See also: plumé and plūme

EnglishEdit

EtymologyEdit

Late Middle English, via Old French plume from Latin pluma (down, feather).

PronunciationEdit

NounEdit

plume (plural plumes)

 
A soldier wearing a helmet with a plume. [3]
  1. A feather of a bird, especially a large or showy one.
    • 1667, John Milton, Paradise Lost
      wings [] of many a coloured plume
    • 1764, Horace Walpole, The Castle of Otranto, I:
      The first thing that struck Manfred's eyes was a group of his servants endeavouring to raise something that appeared to him a mountain of sable plumes.
  2. The furry tail of certain dog breeds (e.g. Samoyed, Malteagle) that stands erect or curls over their backs.
  3. A cluster of feathers worn as an ornament, especially on a helmet.
  4. A token of honour or prowess; that on which one prides oneself; a prize or reward.
    • 1667, John Milton, Paradise Lost
      ambitious to win from me some plume
  5. An area over which (or a space into which) a dispersed substance has spread or fanned out; a cloud.
    The pollutant creates a contaminant plume within an aquifer.
    After the explosion, a plume of smoke could be seen in the sky for miles around.
  6. An upward spray of water or mist.
  7. (geology) An upwelling of molten material from the Earth's mantle.
  8. (astronomy) An arc of glowing material erupting from the surface of a star.
  9. A large and flexible panicle of inflorescence resembling a feather, such as is seen in certain large ornamental grasses.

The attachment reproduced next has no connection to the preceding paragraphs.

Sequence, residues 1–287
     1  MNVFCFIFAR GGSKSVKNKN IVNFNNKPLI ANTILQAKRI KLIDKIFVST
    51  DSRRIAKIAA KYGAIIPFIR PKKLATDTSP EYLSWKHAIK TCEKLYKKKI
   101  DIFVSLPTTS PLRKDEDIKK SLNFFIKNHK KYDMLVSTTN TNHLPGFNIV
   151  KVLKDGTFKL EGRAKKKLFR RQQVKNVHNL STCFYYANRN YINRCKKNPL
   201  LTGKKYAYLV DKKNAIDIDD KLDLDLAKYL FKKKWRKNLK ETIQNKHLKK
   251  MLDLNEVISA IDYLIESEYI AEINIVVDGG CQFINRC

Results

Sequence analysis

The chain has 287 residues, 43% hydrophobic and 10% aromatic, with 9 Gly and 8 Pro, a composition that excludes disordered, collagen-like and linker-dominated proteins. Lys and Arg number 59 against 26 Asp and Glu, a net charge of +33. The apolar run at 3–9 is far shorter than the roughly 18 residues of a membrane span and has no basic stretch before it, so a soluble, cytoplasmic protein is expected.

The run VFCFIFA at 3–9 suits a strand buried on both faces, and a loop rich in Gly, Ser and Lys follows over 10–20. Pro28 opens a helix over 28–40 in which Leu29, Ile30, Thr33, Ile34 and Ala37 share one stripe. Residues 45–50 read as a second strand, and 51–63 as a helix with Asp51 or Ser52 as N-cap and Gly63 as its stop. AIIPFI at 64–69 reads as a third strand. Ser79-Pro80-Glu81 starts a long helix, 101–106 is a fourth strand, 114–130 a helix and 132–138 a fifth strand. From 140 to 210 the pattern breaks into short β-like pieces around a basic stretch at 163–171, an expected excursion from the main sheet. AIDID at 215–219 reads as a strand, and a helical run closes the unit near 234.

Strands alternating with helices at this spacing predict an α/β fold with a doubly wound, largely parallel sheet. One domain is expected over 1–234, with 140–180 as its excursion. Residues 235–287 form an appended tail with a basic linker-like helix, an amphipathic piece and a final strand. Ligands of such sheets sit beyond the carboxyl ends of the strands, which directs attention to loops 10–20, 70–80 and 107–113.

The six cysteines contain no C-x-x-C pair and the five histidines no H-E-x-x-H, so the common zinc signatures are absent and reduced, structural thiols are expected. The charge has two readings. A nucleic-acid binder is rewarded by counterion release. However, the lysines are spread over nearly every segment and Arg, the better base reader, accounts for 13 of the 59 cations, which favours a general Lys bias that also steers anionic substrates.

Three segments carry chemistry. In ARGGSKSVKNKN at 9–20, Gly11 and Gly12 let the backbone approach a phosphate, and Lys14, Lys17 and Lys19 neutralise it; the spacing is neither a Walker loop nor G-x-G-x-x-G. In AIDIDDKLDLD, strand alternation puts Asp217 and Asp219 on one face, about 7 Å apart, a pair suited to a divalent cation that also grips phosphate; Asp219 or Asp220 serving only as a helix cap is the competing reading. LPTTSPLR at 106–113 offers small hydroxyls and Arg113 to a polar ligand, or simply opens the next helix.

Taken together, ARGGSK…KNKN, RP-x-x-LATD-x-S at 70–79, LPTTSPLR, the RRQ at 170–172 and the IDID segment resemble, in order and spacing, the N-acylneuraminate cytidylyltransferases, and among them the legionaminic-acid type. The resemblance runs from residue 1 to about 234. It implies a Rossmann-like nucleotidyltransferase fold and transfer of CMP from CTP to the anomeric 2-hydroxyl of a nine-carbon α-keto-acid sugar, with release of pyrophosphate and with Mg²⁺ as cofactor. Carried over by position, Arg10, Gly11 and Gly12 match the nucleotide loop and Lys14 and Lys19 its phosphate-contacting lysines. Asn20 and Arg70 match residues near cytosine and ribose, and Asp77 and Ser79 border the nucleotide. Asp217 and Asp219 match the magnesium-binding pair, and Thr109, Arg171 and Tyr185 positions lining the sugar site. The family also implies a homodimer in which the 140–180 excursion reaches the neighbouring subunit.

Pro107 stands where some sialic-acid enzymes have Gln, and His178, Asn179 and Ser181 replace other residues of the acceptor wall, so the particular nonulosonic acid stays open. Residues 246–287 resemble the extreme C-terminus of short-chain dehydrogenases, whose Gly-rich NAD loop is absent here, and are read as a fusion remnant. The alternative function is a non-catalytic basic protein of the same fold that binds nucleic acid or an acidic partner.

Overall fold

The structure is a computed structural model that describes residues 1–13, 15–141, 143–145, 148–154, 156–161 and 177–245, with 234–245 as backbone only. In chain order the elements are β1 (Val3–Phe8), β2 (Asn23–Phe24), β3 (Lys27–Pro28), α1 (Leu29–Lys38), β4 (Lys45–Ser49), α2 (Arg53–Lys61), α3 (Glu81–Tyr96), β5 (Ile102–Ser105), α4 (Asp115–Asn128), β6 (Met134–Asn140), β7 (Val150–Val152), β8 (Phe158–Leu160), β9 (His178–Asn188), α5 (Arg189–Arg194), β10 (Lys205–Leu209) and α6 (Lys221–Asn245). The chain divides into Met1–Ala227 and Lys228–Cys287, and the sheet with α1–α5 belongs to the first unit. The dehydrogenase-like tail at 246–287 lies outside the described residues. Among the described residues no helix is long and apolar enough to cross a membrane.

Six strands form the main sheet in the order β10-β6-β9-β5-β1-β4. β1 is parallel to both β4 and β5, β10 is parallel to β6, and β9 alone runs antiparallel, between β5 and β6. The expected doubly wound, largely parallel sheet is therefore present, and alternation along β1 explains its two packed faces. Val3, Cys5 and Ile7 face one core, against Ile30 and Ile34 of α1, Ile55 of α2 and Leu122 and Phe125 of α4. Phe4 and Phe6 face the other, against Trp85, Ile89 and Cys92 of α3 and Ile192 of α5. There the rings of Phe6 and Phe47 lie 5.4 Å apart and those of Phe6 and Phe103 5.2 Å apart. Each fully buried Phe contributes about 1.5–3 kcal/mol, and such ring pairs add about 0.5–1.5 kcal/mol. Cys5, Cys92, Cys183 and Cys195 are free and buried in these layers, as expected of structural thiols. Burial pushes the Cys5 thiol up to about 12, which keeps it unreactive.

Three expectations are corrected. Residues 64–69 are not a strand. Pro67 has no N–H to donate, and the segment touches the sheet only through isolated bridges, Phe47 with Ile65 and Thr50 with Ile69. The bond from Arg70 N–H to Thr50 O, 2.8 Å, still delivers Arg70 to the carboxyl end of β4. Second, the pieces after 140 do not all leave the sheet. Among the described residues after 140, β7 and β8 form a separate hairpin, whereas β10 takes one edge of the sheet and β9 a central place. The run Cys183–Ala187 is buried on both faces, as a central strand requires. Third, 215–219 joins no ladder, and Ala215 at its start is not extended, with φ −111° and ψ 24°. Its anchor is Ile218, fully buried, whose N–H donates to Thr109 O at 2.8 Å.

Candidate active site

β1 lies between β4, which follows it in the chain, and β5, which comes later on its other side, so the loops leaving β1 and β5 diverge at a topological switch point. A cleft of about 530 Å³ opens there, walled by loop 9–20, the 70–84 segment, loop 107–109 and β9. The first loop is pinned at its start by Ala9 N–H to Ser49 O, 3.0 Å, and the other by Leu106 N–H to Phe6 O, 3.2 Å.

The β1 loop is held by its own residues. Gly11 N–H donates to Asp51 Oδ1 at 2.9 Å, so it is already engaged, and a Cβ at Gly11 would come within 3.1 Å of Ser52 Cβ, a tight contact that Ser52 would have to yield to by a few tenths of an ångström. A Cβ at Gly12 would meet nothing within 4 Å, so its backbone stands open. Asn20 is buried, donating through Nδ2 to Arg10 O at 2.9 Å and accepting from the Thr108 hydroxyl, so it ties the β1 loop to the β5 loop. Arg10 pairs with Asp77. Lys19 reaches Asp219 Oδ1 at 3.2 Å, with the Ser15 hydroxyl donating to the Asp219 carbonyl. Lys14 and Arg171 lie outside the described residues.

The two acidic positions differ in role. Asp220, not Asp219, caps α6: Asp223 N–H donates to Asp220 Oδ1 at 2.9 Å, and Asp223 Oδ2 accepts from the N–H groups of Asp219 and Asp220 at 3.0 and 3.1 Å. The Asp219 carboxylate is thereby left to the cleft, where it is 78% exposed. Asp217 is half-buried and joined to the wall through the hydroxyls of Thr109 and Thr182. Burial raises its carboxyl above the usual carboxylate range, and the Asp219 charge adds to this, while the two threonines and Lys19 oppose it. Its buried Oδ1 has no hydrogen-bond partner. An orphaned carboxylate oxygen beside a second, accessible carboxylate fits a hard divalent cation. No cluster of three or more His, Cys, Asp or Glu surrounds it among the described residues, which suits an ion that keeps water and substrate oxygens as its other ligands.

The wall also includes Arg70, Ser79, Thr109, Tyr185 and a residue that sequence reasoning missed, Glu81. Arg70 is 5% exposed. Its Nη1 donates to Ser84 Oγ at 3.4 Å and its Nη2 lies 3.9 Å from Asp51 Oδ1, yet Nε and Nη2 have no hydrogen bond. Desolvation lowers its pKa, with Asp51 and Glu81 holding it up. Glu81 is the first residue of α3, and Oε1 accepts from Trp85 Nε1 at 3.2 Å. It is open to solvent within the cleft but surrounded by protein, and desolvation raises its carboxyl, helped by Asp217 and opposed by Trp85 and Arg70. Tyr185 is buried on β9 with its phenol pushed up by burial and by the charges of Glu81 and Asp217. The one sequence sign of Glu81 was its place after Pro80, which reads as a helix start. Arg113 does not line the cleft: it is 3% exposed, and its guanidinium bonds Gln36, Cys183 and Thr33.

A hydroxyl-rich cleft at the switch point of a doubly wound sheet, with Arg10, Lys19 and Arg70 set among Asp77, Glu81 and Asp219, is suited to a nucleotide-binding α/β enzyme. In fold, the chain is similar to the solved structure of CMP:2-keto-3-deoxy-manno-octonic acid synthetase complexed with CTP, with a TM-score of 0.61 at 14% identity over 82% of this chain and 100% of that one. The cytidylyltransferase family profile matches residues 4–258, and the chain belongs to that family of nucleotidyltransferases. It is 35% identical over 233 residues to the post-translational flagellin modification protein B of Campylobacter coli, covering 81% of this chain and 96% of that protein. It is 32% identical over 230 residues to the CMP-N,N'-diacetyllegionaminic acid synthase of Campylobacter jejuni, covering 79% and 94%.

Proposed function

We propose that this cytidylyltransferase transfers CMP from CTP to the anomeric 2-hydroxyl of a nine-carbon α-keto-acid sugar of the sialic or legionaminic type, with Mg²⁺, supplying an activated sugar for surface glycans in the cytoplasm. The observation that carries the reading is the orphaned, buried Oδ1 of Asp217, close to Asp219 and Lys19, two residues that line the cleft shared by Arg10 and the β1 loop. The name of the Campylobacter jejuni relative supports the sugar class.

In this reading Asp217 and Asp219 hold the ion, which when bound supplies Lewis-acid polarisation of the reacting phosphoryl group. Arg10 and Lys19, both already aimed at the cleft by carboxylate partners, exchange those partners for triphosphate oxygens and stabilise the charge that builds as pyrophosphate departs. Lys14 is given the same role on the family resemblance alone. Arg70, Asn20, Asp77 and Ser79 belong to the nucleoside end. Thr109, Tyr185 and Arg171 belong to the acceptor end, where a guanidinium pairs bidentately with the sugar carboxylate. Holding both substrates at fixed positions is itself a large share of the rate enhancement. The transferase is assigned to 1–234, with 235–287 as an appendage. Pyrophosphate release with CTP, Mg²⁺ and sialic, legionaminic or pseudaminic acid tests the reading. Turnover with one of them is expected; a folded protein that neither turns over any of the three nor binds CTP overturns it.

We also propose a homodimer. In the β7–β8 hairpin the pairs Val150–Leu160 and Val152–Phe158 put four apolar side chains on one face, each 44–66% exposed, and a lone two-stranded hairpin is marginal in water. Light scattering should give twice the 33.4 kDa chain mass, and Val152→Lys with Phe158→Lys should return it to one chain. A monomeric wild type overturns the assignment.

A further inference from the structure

Derived termsEdit

TranslationsEdit

VerbEdit

plume (third-person singular simple present plumes, present participle pluming, simple past and past participle plumed)

  1. (transitive) To preen and arrange the feathers of.
    • (Can we date this quote by Washington Irving and provide title, author's full name, and other details?)
      pluming her wings among the breezy bowers
  2. (transitive) To congratulate (oneself) proudly.
    He plumes himself on his skill.
    (Can we find and add a quotation of South to this entry?)
  3. To strip of feathers; to pluck; to strip; to pillage; also, to peel.
    (Can we find and add a quotation of Francis Bacon to this entry?)
    (Can we find and add a quotation of Dryden to this entry?)
  4. To adorn with feathers or plumes.
  5. To form a plume.
    Smoke plumed from his pipe then slowly settled towards the floor.
  6. To write; to pen.

TranslationsEdit


FrenchEdit

 
plume (1)
 
plumes (3)

EtymologyEdit

From Old French plume, from Latin plūma.

PronunciationEdit

NounEdit

plume f (plural plumes)

  1. feather
  2. quill
  3. nib, the writing end of a fountain pen or a dip pen
  4. (dated) writer, penman

Derived termsEdit

DescendantsEdit

  • English: plume
  • Rade: plim

VerbEdit

plume

  1. inflection of plumer:
    1. first/third-person singular present indicative
    2. first/third-person singular present subjunctive
    3. second-person singular imperative

Further readingEdit


FriulianEdit

EtymologyEdit

From Latin plūma.

NounEdit

plume f (plural plumis)

  1. plume, feather
    Synonym: pene

Old EnglishEdit

Alternative formsEdit

EtymologyEdit

From Proto-West Germanic *plūmā, from Latin prūnum.

PronunciationEdit

NounEdit

plūme f

  1. plum

DeclensionEdit

Derived termsEdit

DescendantsEdit


Old FrenchEdit

EtymologyEdit

From Latin plūma.

NounEdit

plume f (oblique plural plumes, nominative singular plume, nominative plural plumes)

  1. feather; plume

DescendantsEdit